Twin Cities Consumers’ Checkbook: Vehicle service contract plans are bad deals for most drivers

Whether it’s rapper-turned-actor Ice-T or ESPN’s Chris Berman hawking plans from CarShield or robocalls warning that your car’s warranty is about to expire, you’ve likely experienced a sales pitch for a vehicle-service contract, also known as an extended warranty.

Annoyances aside, you’re probably wondering whether these plans are worth the cost. Judging by all the fine print gotchas and the staggering number of consumer complaints these plans generate, Twin Cities Consumers’ Checkbook concludes they’re not.

Checkbook has long advised against purchasing any type of mini-insurance policy, including home warranties, service contracts for electronics, trip-protection plans and others. These plans are highly profitable for the companies that sell and administer them but are usually awful deals for consumers.

Our review of auto-service contracts from dozens of sellers indicates their products are especially lousy buys. These companies commonly use misleading marketing to scare consumers into paying thousands for their products and then, when customers’ vehicles need repairs, go to great lengths to avoid paying for them.

How They Work

Prices for plans vary depending on the breadth of coverage; vehicle make, age, and mileage; and number of years (the longest terms are seven years or 100,000 miles). We found one plan priced at nearly $6,700 and short-term plans for around $2,500. But most of the plans we checked cost around $3,000 to $4,000.

Generally, the more you pay the broader your coverage. With some companies, paying more upfront lowers or eliminates per-repair deductibles, which are usually around $100.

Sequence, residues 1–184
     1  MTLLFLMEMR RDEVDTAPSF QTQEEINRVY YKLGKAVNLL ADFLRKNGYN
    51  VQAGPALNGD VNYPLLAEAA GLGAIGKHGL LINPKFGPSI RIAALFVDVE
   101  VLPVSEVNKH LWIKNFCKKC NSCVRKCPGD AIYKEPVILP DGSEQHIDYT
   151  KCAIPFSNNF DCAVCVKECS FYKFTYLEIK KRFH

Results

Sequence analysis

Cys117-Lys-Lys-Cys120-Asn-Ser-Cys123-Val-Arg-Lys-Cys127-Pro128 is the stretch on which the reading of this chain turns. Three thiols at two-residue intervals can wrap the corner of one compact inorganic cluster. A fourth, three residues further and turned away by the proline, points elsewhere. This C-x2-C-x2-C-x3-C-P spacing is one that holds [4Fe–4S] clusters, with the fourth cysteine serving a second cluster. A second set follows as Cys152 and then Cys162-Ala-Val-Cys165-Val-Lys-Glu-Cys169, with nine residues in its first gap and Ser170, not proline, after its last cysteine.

CarShield and many other sellers don’t provide the coverage themselves. Instead, claims are handled by third-party “plan administrators.” If you need a repair, you contact the administrator, and it decides whether to pay for it. Get a repair without first obtaining authorization and you’re likely on your own.

Service contracts marketed by automakers through their dealership franchisees — though generally the subject of fewer complaints — usually require that you use the dealers’ repair shops. Our surveys indicate that, on average, car owners are more satisfied with repairs done by independent shops.

Gotcha! Many Repairs Aren’t Covered

Read the fine print in these contracts, as we did for more than a dozen, and you’ll find so many excluded repairs that you’ll wonder if anything is covered. Common components usually excluded: brake shoes and rotors; clutches; fuel injectors; exhaust systems and catalytic converters; batteries; shocks and struts.

Sometimes you can increase coverage by buying a premium plan, but even then, we found long lists of excluded repairs. You’ll also be on the hook for the cost of diagnosing anything that turns out not to be covered.

Your Repair Is Actually Covered? Well, Get Ready for More Roadblocks

Even if repairs seem covered under contracts, companies still often try to deny claims.

For instance, the plan administrator may conveniently decide the problem existed or was developing before you purchased coverage. Similarly, the administrator might conclude that you failed to take action to avoid or limit damage, such as driving the vehicle after hearing squeaks or rattles or seeing warning lights.

There’s also a good chance the administrator will refuse to pay out if you can’t prove you performed all required oil changes on time or otherwise followed the manufacturer’s maintenance recommendations. Beyond that, plans typically impose a waiting period of 30 days or 1,000 miles after you sign up, during which no repairs are covered.

As if all these aggravations aren’t enough, some plans limit the rate they’ll pay to reimburse your mechanic. And administrators sometimes take weeks or more to decide whether to pay as they send inspectors to assess the problem or wait for a required second opinion.

Denial of valid claims seems to be a much smaller problem for buyers of extended warranties sold by new-car dealerships.

Don’t Buy These Plans

You’ll usually do better paying for repairs yourself. That way, you get to make all the decisions, not a company focused on holding down its own costs.

Twin Cities Consumers’ Checkbook magazine is a nonprofit organization with a mission to help consumers get the best service and lowest prices. You can access Checkbook’s full report on vehicle service contracts, along with of Checkbook’s ratings of local service providers (including auto repair shops) until March 10 at